Accounting for depreciation may seem mysterious to those outside the accounting field, but it does not have to be! Accounting for depreciation is an important practice because depreciation directly reduces net income and this means less money owed to the government for taxes. Depreciation is a legitimate deduction, but many businesses fail to declare it.
What is depreciation?
Depreciation is often confused with valuation. Accounting for depreciation is the process where fixed assets (also called long-term assets) are expensed over the life of the asset. Assets that are used quickly like office supplies are written off as an expense when purchased. A fixed asset may last for many years and this is where depreciation comes into the picture. Depreciation is spreading the cost of an asset over its useful life. One of the primary concepts in accounting is matching benefits to expenses. Things like paper and pens provide a benefit for just a short time and this is why they are written off immediately. A machine or vehicle may provide benefits for years and so the cost of the item is written off over a longer period. Understanding depreciation fully is critical to the process.
The first step in accounting for depreciation is calculating the amount of depreciation expense. There are many methods to calculate depreciation. One of the most common and simplest methods to calculate is straight line depreciation. This method declares an equal amount each and every year until the asset has been totally expensed. Other acceptable methods are accelerated methods and declare more depreciation during the earliest years of the assets life. Some of these methods are declining balance or double declining balance. The math to calculate these methods is more complex, but still reasonable.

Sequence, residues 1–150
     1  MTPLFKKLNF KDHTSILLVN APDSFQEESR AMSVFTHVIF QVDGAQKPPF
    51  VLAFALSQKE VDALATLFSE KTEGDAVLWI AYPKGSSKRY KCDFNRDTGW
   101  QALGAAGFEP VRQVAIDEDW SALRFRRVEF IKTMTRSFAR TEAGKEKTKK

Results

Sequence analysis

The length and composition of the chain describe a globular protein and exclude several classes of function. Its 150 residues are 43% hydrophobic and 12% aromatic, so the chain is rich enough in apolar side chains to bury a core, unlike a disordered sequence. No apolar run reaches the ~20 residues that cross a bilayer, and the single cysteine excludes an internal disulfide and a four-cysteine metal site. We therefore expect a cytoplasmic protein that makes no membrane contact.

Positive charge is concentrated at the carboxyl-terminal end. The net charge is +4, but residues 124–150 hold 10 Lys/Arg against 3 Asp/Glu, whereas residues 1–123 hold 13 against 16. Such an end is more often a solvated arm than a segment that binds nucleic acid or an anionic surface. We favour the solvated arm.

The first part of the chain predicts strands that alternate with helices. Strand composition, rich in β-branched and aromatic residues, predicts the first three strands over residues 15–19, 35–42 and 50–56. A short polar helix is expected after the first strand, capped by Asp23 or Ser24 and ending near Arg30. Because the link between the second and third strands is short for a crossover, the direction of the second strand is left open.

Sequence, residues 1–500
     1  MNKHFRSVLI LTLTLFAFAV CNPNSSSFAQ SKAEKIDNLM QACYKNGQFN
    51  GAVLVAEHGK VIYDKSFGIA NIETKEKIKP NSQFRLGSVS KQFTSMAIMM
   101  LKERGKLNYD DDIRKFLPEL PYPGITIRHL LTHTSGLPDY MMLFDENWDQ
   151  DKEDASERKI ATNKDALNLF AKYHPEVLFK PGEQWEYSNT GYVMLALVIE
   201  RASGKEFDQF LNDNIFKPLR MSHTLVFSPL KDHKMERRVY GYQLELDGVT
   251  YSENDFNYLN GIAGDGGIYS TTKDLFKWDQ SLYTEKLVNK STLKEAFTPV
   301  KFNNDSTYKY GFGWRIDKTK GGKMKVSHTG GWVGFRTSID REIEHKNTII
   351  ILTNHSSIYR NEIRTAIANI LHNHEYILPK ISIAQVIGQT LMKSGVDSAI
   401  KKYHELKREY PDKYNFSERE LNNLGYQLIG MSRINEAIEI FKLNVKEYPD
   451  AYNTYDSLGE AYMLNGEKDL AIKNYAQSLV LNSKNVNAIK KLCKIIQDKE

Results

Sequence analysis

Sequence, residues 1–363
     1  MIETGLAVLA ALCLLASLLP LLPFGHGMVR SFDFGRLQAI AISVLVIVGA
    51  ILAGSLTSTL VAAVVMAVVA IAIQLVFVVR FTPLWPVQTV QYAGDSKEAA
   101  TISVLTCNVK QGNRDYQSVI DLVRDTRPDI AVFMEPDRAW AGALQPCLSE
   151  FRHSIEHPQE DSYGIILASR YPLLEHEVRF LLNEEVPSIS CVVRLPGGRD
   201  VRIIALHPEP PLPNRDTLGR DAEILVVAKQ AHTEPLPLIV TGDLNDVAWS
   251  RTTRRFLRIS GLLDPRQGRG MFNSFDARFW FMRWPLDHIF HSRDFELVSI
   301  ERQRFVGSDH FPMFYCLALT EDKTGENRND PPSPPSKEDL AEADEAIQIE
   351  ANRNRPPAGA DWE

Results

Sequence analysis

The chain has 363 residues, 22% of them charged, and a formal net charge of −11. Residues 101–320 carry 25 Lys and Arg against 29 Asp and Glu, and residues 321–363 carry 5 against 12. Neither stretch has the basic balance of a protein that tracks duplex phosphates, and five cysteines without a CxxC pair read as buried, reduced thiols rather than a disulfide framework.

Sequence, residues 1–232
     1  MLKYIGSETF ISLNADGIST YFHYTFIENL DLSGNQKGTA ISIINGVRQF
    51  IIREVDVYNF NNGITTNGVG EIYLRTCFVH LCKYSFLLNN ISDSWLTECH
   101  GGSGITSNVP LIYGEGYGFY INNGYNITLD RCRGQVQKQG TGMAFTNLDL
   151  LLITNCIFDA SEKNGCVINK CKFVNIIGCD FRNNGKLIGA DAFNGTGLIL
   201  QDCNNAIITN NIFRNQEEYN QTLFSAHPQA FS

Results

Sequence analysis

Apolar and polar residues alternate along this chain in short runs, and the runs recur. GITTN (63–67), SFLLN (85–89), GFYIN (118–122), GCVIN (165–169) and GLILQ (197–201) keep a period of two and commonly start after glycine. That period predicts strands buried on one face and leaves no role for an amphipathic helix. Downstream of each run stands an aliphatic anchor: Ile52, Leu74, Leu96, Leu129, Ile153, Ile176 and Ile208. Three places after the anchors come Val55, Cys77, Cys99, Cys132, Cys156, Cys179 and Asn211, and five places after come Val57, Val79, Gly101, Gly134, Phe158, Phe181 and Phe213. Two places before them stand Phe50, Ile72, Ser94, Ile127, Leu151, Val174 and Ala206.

Once the amount of depreciation has been declared, the accounting for depreciation can begin. Depreciation is an expense but a non-cash one. A debit is made to a Depreciation Expense account and a credit to Accumulated Depreciation. Since depreciation is a non-cash expense, the Accumulated Depreciation account is actually a contra-asset account. Confused? A contra-asset account belongs on the Balance Sheet and serves to reduce the book value of an item. For example, a truck is purchased for $20,000. If the first year's depreciation is $2000, then the asset when reported on the balance sheet will have a net book value of $18,000. The entry for the year would have been a debit to Depreciation Expense - Vehicle for $2000 and a credit to Accumulated Depreciation Expense - Vehicle for $2000. At the end of the year, the Depreciation Account is closed, but not the Accumulated Depreciation account. The next year if $2000 is declared for Depreciation, the Accumulated Depreciation account would now have a balance of $4000 and the truck would have a net book value on the Balance Sheet of $16,000. This process would continue until the truck has been fully depreciated to a book value of $0 (or the truck is sold or retired from service).
Tax vs Book Depreciation
One of the primary reasons for accounting for depreciation is to offset income for tax purposes. The government has specific rules for the amount of depreciation that businesses are able to declare on certain assets for tax purposes. This can mean that depending upon what method of depreciation is used by a business that it may have a deferred tax asset or deferred tax liability that is carried forward. This is a more advanced concept and beyond the scope of a basic overview.
Accounting for depreciation is a valuable tool for any business and is well worth learning. This tool can save money on taxes for many years. Any business that maintains fixed assets needs to have a proper accounting for depreciation in the form of depreciation schedules in place.